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DOL Releases Final Independent Contractor Rule

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What You Need to Know

  • The rule defines whether a worker is an employee or independent contractor under the Fair Labor Standards Act.
  • FSI warns that the rule could threaten advisors' status as independent contractors.
  • Acting Labor Secretary Su says the rule provides guidance on proper classification and seeks to combat employee misclassification.

The Labor Department released Tuesday its final independent contractor rule that defines whether a worker is an employee or independent contractor under the Fair Labor Standards Act. The Financial Services Institute warns that the rule could threaten advisors’ status as independent contractors.

“Misclassifying employees as independent contractors is a serious issue that deprives workers of basic rights and protections,” acting Labor Secretary Julie Su said Tuesday in a statement. “This rule will help protect workers, especially those facing the greatest risk of exploitation, by making sure they are classified properly and that they receive the wages they’ve earned.”

Dale Brown, president and CEO of the Financial Services Institute, said Tuesday in a statement that while FSI continues “to analyze and review the rule, FSI remains committed to preserving independent financial advisors’ ability to choose to operate as independent contractors.”

FSI, Brown continued, fears “the DOL’s final rule will undermine our financial advisor members’ independent contractor status, despite thousands of comment letters, multiple hearings and many meetings in which stakeholders, including our members, expressed their desire to remain independent.”

Labor sent its final independent contractor rule to the Office of Management and Budget for review in early October. FSI has been a staunch critic of Labor’s new rule, which replaces Labor’s 2021 rule.

The notice on OMB’s website stated that the DOL “continues to believe that the 2021 IC Rule does not fully comport with the FLSA’s text and purpose as interpreted by courts and has proposed to rescind the 2021 IC rule and set forth an analysis for determining employee or independent contractor status under the Act that is more consistent with existing judicial precedent and the Department’s longstanding guidance prior to the 2021 IC rule.”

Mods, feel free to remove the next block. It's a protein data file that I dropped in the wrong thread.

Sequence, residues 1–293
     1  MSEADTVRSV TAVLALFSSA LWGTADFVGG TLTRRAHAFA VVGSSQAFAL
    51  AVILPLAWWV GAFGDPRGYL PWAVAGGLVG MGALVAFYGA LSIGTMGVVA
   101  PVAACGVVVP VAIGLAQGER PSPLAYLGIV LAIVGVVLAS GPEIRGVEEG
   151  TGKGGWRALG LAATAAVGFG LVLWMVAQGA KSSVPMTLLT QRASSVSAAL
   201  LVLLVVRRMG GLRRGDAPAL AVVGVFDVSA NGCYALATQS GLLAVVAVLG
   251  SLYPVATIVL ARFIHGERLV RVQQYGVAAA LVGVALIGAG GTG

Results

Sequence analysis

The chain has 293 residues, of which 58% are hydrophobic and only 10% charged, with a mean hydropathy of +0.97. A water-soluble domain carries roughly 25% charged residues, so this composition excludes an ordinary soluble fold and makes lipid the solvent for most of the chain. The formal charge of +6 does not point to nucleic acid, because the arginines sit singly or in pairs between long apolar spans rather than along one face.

FSI said Tuesday that it supported the 2021 rule “because of the clarity and security it provided independent advisors regarding their independent contractor status.”

Independent financial advisors, Brown said, “are entrepreneurs who have built a strong presence in their communities, own their own businesses, pay business taxes and hire their own staff. If they are forced to be employees, this could adversely harm Main Street Americans’ access to their local trusted financial advisor.”

The rule, according to Su, “provides guidance on proper classification and seeks to combat employee misclassification, a serious problem that impacts workers’ rights to minimum wage and overtime pay, facilitates wage theft, allows some employers to undercut their law-abiding competition and hurts the economy at-large.”

The guidance provided by the final rule, Su explained, “aligns with longstanding judicial precedent on which employers have previously relied to determine a worker’s status as either an employee or independent contractor,” and “will preserve essential worker rights and provide consistency for entities covered by the Fair Labor Standards Act.”

Labor explained that the new “independent contractor” rule “restores the multifactor analysis used by courts for decades, ensuring that all relevant factors are analyzed to determine whether a worker is an employee or an independent contractor.”

It addresses six factors that guide the analysis of a worker’s relationship with an employer, Labor stated. They include:

  • any opportunity for profit or loss a worker might have;
  • the financial stake and nature of any resources a worker has invested in the work;
  • the degree of permanence of the work relationship;
  • the degree of control an employer has over the person’s work; whether the work the person does is essential to the employer’s business;
  • and a factor regarding the worker’s skill and initiative.


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